There is a lot of excitement in the health service about self-care and patient activation. Patient activation is the field of trying to help and encourage people with long term health conditions to be more active in understanding and managing their health. There is a patient activation measurement (PAM) system which tracks the extent to which people are taking responsibility for their own health, managing medication and ‘self-caring’, rather than relying on medical professionals. ‘Activated patients’ are likely to be living more healthily and experiencing fewer health crises.
Patient activation is an unfortunate term for a potentially useful idea. If you start by thinking about people with long term support needs as patients, who need to be activated by doctors, you’ve already lost. This is borne out of the kind of thinking that talks about whether you take the medication your doctor wants you to take as ‘compliance’ and ‘non-compliance’. It sounds like it’s about taking personal responsibility for our own health, which we should all do, but it is yet to escape its roots in ideas of responsibility which are defined by the medical profession: to do what the experts tell you, so that you can reduce your risks of avoidable hospital admission and ultimately cost the NHS less money.
People who get this agenda acknowledge that the terminology is not helpful. So what would be more helpful formulation of this agenda? As always, we need to apply an assets focus to this question. An assets focus assumes that people have expertise in their own lives and looks for what they can or could do, not just what they need and can’t do. It requires looking through person’s eyes and those of people closest to them, not through a professional or service lens.
Looked at through these lenses, an individual with a long term condition is not primarily a patient: they are living their lives – sometimes their whole lives – alongside the condition, and whilst no one wants to use emergency and medical services more than necessary, that is unlikely to be anyone’s number one goal in life. So patient activation is actually about what in social care has for years been called choice, control and independent living.
At a deeper level, it is about supporting people with long term conditions to live well. The key NHS contribution to that will be about supporting their health and wellbeing, but this will only translate into living well when the system as a whole (health, care, housing, the voluntary/community/social enterprise sector) is designed around informing, empowering and connecting. We need to recognise that what we are measuring is both the positive and negative impact of service interventions on the strength and capability of the individual and their families. So if we want to avoid this becoming another failed attempt by services to fix us, we need to reframe the PAM in several key ways:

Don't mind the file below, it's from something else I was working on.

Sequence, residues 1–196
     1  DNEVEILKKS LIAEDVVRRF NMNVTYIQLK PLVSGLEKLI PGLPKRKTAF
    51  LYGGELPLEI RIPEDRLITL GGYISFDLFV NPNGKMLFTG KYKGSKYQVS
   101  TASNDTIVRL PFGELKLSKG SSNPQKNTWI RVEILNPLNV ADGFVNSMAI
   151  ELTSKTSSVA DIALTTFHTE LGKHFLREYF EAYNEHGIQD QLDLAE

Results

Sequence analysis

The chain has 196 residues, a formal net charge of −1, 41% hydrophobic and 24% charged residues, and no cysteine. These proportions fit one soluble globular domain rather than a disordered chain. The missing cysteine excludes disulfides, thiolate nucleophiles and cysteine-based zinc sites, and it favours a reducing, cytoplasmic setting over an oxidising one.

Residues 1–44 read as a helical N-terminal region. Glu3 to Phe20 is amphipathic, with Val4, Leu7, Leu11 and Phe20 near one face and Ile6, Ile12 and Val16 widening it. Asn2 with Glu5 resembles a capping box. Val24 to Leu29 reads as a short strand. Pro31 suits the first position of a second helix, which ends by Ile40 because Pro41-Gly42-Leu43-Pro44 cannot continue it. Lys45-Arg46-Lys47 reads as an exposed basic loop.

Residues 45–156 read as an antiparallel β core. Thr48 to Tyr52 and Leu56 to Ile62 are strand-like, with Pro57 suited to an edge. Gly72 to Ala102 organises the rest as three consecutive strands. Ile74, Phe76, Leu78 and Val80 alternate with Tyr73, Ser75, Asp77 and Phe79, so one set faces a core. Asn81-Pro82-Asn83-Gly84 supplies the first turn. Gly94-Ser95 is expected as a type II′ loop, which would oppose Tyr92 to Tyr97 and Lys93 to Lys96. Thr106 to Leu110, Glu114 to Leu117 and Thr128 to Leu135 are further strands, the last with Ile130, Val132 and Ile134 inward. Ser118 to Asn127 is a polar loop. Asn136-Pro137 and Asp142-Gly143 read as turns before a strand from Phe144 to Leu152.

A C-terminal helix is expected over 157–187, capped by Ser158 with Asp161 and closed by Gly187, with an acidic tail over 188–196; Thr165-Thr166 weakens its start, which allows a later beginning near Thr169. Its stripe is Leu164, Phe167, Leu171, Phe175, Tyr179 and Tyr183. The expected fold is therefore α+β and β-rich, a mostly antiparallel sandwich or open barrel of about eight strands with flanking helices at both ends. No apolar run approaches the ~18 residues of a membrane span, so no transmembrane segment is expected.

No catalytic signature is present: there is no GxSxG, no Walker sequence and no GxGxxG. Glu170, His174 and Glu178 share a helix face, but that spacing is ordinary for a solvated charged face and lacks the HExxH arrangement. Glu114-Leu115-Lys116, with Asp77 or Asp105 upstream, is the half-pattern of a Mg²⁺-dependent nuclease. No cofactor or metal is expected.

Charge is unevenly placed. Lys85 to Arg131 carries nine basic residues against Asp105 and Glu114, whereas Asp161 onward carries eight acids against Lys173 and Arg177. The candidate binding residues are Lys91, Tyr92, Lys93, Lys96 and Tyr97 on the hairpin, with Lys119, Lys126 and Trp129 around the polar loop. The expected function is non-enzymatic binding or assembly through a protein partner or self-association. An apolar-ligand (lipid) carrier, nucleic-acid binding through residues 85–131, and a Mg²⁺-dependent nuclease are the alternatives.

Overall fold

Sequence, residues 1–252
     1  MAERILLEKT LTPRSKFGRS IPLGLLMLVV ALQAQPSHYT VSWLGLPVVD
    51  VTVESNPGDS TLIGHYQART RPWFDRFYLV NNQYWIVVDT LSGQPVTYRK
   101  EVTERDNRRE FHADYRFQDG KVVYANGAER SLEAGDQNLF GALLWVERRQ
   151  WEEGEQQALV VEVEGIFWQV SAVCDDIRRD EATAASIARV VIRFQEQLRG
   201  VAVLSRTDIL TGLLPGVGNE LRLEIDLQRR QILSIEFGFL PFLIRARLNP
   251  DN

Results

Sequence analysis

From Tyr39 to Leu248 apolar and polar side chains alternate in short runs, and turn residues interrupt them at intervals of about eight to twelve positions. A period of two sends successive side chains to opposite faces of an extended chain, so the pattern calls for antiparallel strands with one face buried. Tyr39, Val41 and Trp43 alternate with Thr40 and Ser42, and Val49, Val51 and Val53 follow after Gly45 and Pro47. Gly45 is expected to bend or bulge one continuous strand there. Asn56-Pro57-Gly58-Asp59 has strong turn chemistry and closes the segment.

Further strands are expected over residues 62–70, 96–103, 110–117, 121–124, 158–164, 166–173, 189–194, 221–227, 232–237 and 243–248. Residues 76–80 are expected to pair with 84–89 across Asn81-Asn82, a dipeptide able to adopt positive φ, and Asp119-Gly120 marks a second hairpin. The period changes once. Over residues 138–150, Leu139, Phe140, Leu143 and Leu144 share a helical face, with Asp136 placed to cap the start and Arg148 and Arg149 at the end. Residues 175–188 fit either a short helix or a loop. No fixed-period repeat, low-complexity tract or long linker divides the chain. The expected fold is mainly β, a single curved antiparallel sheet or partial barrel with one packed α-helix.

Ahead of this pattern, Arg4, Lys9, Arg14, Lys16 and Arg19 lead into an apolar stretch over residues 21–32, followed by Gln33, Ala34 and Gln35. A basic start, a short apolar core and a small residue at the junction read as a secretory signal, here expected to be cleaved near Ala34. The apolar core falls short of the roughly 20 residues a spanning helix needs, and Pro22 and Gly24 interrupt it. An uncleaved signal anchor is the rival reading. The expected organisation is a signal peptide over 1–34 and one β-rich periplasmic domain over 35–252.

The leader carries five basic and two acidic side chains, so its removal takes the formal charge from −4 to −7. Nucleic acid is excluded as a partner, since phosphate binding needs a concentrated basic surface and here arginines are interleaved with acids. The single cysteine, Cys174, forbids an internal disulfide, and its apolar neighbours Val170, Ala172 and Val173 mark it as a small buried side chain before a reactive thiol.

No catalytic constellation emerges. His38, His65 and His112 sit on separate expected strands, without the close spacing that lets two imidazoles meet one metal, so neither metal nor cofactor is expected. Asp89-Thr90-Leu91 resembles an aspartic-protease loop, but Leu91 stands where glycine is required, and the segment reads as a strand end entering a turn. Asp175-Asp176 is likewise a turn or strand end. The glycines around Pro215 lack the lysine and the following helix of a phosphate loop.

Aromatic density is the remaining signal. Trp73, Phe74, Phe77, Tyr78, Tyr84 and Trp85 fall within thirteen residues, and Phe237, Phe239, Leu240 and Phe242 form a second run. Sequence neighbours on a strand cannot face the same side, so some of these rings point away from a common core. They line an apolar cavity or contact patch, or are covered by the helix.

- A rebrand. Yes, it’s only words, but to help get us all thinking differently, let’s call it something like the Empowerment Measure or the Wellbeing Support Measure. Or a better idea which please do suggest in a comment below!
- This would be a twin measure of both the positive and negative impact of interventions: to what extent to interventions result in people actively managing their own conditions, plus to what extent to interventions undermine key elements of wellbeing, including confidence, resilience to crisis and connections to others. The differential between those two measures will say something powerful about the person’s overall wellbeing, which is what matters most to them, and should therefore matter most to those paid to support them.
- The connection test is key here. There’s no point in measuring the activation of individuals, whilst ignoring the activation of any family carers they have, particularly where, as is the case for over a million families, those carers are full time (and above!).
That suggests some extra complexity: a measure of the extent to which our interventions (not just health but the same measure used for the combined impact of all the services in play) empower and disempower the individual, and the same kind measure offered to any family carers. But that approach would get us closer to the overall impact of what is supposed to be an integrated system and it would look at the impact upon the person as they saw themselves: either as an individual, or as part of a couple or family unit. So you might find that the individual feels well informed about their medical treatment, but gaps in social care or housing negate those benefits. Or that the individual feels confident but their family carer, who is the lynchpin of their care and support, feels shut out and disempowered in a way which puts the sustainability of the person living independently at risk.
This approach would feel very different to a PAM: measuring the success of the partnership between individual/family and support services and the extent to which they were effectively sharing responsibility and resources, not simply whether patients were doing as doctor says.